5 Useful Tips For Traveling in Iceland (Part 1)

5 Things You Should Know Before Heading to Iceland (Part 1)

Overall, Iceland is a pretty easy place for foreigners to visit. Nevertheless, there are a few things you should know before you get on the plane.

Here are five things you should know before traveling or moving to Iceland.

1. The Airport is Not in Reykjavík

Commercial flights land in Keflavík (airport code KEF), not Reykjavík. Keflavík is about a 45-minute drive from Reykjavik, so be sure to include this in your travel plans.

Many sites and airlines list the arrival city as Reykjavík, which is misleading. Even Wikipedia lists KEF as “the Keflavík International Airport, also known as Reykjavík-Keflavík Airport.”

Reykjavík does have its own airport, but it has smaller runways and only serves domestic flights, small international flights, and private airplanes.

Luckily, several commercial bus lines (such as Flybus) can take you from the airport to Reykjavík. You can book these ahead or purchase a ticket when you arrive in Keflavík. The bus is inexpensive, convenient, and you can even schedule a stop at the Blue Lagoon.

Pro tip: Keflavík is not pronounced with a hard f, and sounds more like kep-la-veek (with a very light p) in Icelandic. You’ll be way ahead of your fellow travelers if you say this correctly.

2. Tips for Dining Out

Icelandic Fish
Delicious catch of the day in Ísafjörður, Iceland.

Dining out in Iceland is a bit different than in the U.S.

For starters, tipping is neither customary nor expected. And the tax is already included, so the price you see on the menu is what you pay.

Service is also different than in the U.S. Servers check in on you less frequently, and if you need something you just have to ask for it.

Don’t hesitate to flag your server down if you need a drink refill or are ready for the check. This is totally normal here and is not considered rude.

Pro tip: Don’t be afraid to speak up or ask for what you need when traveling in Iceland.

3. You Can Use Your Credit Card for Everything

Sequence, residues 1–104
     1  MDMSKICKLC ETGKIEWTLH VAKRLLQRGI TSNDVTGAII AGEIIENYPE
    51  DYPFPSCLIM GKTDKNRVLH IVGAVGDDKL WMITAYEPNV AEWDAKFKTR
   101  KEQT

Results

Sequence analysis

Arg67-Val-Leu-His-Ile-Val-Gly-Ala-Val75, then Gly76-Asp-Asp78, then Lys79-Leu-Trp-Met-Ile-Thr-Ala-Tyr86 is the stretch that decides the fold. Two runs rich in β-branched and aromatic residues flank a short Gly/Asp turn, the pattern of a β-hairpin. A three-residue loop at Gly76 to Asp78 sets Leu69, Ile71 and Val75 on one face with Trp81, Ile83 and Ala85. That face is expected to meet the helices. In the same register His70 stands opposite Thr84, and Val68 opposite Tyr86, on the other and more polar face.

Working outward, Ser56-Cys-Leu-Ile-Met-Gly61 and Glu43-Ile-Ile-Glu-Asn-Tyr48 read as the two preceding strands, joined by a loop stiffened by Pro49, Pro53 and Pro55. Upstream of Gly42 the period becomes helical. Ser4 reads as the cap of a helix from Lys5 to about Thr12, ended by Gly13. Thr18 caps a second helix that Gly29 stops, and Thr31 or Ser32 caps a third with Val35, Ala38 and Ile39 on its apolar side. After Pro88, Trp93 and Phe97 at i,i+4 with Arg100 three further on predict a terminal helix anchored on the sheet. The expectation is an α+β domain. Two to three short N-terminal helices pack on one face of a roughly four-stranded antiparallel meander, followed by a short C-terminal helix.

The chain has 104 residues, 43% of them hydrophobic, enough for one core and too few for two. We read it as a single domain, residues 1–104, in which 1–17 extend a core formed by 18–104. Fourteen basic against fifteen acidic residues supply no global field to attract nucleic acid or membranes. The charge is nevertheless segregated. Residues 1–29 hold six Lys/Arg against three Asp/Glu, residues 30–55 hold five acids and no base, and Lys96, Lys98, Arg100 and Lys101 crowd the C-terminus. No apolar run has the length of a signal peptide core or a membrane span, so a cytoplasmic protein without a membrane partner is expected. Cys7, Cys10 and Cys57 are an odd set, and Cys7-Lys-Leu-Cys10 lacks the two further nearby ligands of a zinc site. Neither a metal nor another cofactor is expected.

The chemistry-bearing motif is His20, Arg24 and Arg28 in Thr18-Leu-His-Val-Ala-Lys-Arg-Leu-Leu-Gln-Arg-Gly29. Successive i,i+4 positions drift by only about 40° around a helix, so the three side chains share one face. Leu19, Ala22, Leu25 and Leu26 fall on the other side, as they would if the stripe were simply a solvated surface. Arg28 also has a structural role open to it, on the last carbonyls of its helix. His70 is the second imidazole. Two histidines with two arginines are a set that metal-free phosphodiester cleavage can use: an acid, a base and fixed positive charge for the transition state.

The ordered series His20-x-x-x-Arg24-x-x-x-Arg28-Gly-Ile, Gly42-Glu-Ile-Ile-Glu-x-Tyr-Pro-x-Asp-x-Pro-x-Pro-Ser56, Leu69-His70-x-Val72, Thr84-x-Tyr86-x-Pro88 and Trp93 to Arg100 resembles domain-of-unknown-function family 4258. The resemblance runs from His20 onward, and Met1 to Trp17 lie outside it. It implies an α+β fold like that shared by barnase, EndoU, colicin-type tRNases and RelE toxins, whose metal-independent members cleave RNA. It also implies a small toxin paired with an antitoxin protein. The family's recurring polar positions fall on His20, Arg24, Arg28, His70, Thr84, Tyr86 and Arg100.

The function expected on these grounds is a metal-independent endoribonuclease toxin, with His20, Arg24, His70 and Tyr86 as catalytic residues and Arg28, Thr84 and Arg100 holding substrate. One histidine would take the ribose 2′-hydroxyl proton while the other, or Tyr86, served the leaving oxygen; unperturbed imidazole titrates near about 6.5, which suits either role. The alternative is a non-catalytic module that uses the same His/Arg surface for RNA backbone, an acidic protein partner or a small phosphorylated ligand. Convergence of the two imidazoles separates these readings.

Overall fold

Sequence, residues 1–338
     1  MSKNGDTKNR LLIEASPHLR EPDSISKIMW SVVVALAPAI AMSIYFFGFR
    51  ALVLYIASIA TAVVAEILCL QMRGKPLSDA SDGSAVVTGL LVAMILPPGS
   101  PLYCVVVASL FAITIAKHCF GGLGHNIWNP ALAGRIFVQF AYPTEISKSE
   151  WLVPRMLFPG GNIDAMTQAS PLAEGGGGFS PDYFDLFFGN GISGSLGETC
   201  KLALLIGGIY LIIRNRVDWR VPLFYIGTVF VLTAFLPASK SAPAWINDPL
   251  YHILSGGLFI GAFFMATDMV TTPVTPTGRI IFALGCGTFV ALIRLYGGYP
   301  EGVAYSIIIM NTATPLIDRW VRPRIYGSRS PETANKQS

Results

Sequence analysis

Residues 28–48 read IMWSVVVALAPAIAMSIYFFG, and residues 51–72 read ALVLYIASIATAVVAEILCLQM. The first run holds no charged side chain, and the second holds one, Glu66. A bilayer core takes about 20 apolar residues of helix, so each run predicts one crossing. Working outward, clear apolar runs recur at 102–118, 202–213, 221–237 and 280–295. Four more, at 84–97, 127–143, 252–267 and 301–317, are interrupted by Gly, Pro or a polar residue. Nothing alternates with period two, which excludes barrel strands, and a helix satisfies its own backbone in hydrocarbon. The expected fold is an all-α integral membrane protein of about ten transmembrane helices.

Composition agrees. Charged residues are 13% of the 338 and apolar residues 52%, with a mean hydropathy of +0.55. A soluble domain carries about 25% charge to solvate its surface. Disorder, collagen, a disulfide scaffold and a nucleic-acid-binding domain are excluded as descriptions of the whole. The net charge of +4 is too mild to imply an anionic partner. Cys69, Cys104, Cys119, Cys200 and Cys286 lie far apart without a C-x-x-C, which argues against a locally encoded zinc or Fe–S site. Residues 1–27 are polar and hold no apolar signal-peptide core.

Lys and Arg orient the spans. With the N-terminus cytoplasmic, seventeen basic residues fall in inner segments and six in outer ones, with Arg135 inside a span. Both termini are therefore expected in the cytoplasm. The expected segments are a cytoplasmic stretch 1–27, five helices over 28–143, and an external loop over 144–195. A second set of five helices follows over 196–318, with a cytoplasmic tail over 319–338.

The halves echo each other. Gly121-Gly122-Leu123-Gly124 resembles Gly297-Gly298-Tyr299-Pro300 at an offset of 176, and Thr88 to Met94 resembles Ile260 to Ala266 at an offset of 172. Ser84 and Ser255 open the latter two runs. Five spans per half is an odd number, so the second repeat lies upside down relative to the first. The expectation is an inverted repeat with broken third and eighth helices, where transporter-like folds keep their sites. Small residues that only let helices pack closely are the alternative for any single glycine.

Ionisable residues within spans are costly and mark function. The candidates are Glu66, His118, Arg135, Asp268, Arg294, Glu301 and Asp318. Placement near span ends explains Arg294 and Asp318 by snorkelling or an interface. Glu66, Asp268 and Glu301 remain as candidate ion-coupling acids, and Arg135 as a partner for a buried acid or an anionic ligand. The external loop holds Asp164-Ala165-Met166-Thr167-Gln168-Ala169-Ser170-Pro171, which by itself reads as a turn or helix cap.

Iceland has its own currency, the Icelandic króna (ISK).

However, don’t worry about taking out Icelandic cash, as there are very few instances when you would need it. I don’t even carry cash, as Iceland is a really card-friendly place.

You can use your credit card to pay for gas, food, taxis and pretty much anything else you may need while here.

Pro tip: Know your PIN number and notify your bank before you travel to Iceland in order to avoid any problems with your cards.

4. Icelandic Road Rules and Sheep

Sheep in the Road
A ewe and her lambs on a road in the Westfjords of Iceland.

Driving in Iceland is not vastly different from driving in the U.S. In my opinion, here are the two main things you should know about Icelandic road rules:

  1. No right on red: You can’t turn right on red lights in Iceland.
  2. Two-lane roundabouts: These are quite common, so brush up on how they work.

There are a few other things you will notice, such as a lack of stop signs (yield signs are much more common) and that stoplights change from red to yellow on their way to green.

Distances and speed limits are also in kilometers. Yet overall, driving here is pretty easy as long as you respect the road rules, speed limits, road conditions, and sheep.

Yes, sheep! Most Icelandic sheep roam free during the summer, meaning they are often on the road and you need to watch out for them when driving. You’ll sometimes see cows or horses too, but sheep are by far the most common road blocks.

Pro tip: Approach sheep slowly and they will typically move out of the road pretty quickly. You don’t want to hit a sheep, as you will have to pay the farmer for the sheep if you do.

5. Take a Number for Service

When patronizing businesses with service lines, such as ice cream shops or bakeries, look for a machine handing out numbers on little slips of paper when you walk in.

Places that have systems like this include banks, bakeries, post offices, fish markets, and my favorite ice cream shop — Valdís.

Take a number, and then wait until your number is called.

Pro tip: There are typically screens behind the counter that display the numbers, so if you don’t speak Icelandic you can watch for your number there.


Kerið, a volcanic crater in Iceland.

Overall, traveling in Iceland is pretty easy. However, it’s good to be aware of cultural norms and differences while here.

Check back next week for part two of this article — 5 more things you should know before traveling or moving to Iceland.